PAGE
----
“DKU Podcast” aims to convey the beauty of life in a poetic way. Song Gao, professor of environmental science, shares his resonance with science and music during Covid-19.
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Produced by Wendie Lu.
Audio editing by Bei Chen ’22.
Background music by Song Gao.
A Student Media Center production.
In 1859, the British writer, Charles Dickens, famously started his novel “A Tale of Two Cities,” set in the darkness and light during the French Revolution, this way:
“It was the best of times, it was the worst of times, it was the age of wisdom, it was the age of foolishness, it was the epoch of belief, it was the epoch of incredulity, it was the season of Light, it was the season of darkness, it was the spring of hope, it was the winter of despair, we had everything before us, we had nothing before us …”
One hundred and sixty-one years later, it is starting to feel some spring of hope after a long winter of despair, in humanity’s hard and seemingly unending fight with the Covid-19 pandemic. Wait, can we really hear and move towards hope in all this difficulty and uncertainty? I’d like to think so, echoing professor O’Brien in his recent podcast.
I’d also like to share my thought that in this challenging time, many unfamiliar situations resonate with the past, or even the familiar, albeit in somewhat novel ways. And let that “resonance” be of comfort and guidance to us, like “hope,” on the way forward.
Charles Dickens’ famous lines provide an example of such resonance in historical periods that humans have had to endure and go through. Two other cases of resonance also come to mind.
First, social distancing, a measure that has brought much of the world to a standstill to contain the spread of the coronavirus. It is not something we feel familiar or comfortable with. Yet, it is by no means a new concept. I came to realize this during my ongoing teaching of a chemistry class at DKU.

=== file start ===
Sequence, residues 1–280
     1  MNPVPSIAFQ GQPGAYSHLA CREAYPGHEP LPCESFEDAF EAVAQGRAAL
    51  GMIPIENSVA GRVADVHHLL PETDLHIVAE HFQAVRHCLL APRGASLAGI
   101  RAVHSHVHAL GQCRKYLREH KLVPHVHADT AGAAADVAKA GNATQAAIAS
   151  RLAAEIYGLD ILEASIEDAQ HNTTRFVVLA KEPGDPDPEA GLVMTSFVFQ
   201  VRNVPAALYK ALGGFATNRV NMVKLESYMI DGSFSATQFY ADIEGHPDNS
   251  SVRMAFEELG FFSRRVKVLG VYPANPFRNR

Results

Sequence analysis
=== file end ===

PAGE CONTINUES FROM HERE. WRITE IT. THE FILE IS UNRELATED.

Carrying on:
Valence Shell Electron Pair Repulsion (or VSEPR) theory is based on the simple idea that electron groups repel one another through coulombic forces to reach a relatively stable energy state. The preferred geometry of a molecule is the one in which the electron groups have the maximum separation possible. When I discussed this “electron distancing” for the benefit of molecular stability and its resonance with “social distancing” for the benefit of societal stability, it was a moment of reflection and enlightenment for my students and myself.
Photo: Aramis Cartam / Pexels
Second, the music in the backdrop of this podcast is a prelude in C-major by one of the greatest composers of all time – Johann Sebastian Bach. To me, this little gem piece depicts the calm and delightful in the beginning, only to be eroded with bits of shadows and uncertainty momentarily, eventually relaxing back to the bright and hopeful, all in stepwise fashions without a forecast or preparation.
Doesn’t it resonate with how Covid-19 has struck us ever so unknowingly but profoundly? Yet life shall go on when all is over and the new normalcy returns. The one thing that does change, as revealed by the ending of this music, it is a new world that we will face and embrace, having struggled, felt the pain, relied on science, reason and cooperation, and hopefully learned a thing or two as an individual, as a society and as a civilization.
In that process, let “resonance” help us connect, hope, act and move forward.
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